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Hawaii Island Sharks: Stories of Gods and Guardians

For Native Hawaiians, sharks (manō) connect us to our ancestors and nature. From creationism legends to familial connections, sharks are found in many aspects of Hawaiian culture, with many stories of Hawaii Island sharks. Sharks are one of the first fish mentioned in The Kumulipo, the creationism chant. Sharks are accorded high regard as powerful apex predators and vessels of mana (spiritual power). “He manō holo ‘āina ke ali’i – The chief is a shark that travels on land” is one of the most well-known Hawaiian proverbs about sharks, according to Olelo No’eau by Mary Kawena Pukui.

As a chief was the ultimate authority on the land, so was the shark in its domain. When Princess Kekuiapoiwa II was pregnant with King Kamehameha the Great, she craved to eat the eye of the tiger shark, an auspicious sign to the presiding kahuna (priests). Kamehameha the Great by Julie Stewart Williams reveals that the kahuna told the King that Kamehameha would “cause blood to flow over the land and he would eat the other chiefs even as the man-eating shark does.” Native Hawaiian people are spiritually connected to sharks via mythology (gods and demigods) and ancestral ties (‘aumākua).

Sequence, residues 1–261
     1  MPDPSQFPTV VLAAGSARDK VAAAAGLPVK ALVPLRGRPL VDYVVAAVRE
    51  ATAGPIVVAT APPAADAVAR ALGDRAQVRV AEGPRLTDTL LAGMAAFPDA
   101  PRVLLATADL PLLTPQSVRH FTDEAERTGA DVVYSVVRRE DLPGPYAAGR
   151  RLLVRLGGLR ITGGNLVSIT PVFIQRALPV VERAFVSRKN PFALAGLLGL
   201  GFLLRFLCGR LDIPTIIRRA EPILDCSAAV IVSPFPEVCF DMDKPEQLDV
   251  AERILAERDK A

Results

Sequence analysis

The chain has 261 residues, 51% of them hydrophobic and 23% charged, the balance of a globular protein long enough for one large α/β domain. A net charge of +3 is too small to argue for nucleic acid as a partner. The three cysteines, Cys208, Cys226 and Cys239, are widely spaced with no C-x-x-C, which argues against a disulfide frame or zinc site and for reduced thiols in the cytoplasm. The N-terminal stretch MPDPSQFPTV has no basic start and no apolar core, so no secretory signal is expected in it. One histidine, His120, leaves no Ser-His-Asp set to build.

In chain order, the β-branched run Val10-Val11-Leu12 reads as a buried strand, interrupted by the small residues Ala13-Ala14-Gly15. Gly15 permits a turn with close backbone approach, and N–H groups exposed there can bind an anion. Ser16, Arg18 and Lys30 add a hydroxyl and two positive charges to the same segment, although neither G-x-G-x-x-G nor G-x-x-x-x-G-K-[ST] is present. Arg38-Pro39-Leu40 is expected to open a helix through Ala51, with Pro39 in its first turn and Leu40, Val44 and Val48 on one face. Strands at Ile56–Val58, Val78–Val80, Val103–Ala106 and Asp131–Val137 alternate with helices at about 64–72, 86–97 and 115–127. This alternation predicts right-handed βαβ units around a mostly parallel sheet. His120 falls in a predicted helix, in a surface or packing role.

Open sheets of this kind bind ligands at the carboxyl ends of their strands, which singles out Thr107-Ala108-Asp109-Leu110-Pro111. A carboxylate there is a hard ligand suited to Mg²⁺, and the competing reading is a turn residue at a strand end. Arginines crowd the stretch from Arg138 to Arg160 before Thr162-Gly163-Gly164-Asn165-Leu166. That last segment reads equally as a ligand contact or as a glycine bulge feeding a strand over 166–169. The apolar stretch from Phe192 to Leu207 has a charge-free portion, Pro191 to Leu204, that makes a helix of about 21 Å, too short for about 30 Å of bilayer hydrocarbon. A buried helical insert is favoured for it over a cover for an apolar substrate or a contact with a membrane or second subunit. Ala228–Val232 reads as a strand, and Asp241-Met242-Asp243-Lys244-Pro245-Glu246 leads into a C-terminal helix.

Hawaii Island Sharks: Kāmohoaliʻi and Nanaue

Ancestral shark gods (manō kumupa’a) were worshipped by many Hawaiians. These gods were able to take on many physical forms, including human. Some gods were benevolent, while others were dangerous and evil. The man-eating shark god Kuhaimoana was said to have the form of a giant shark, 30 fathoms long and with a home cave so large a schooner could sail through it. Ka’ahupāhau the “queen of sharks” was the benevolent shark goddess of Pu‘uloa (now known as Pearl Harbor). Some Hawaiians believe that Ka’ahupāhau and her brother Kahi’ukā are responsible for the tremors in the earth responsible for destroying the dry dock the US Navy attempted to build in 1914 (they now employ a floating dock).

Perhaps the most famous Hawaiian shark god is Kāmohoaliʻi, the brother of Pele and Hi’iaka. Kāmohoaliʻi resides at Ka pali kapu o Kāmohoaliʻi (the sacred cliff of Kāmohoaliʻi) on the Northern edge of Kilauea caldera. “So awful and sacred was this spot that Pele, though his own sister, dared not allow the smoke from her fires to rest upon it.” Kāmohoaliʻi was a skilled navigator, assisting Polynesian voyagers in their journey to Hawai’i. He was called upon for safe passage during storms and rough seas. Kāmohoaliʻi is the father of many shark demigods, including Nanaue the man-eater from Waipi’o Valley.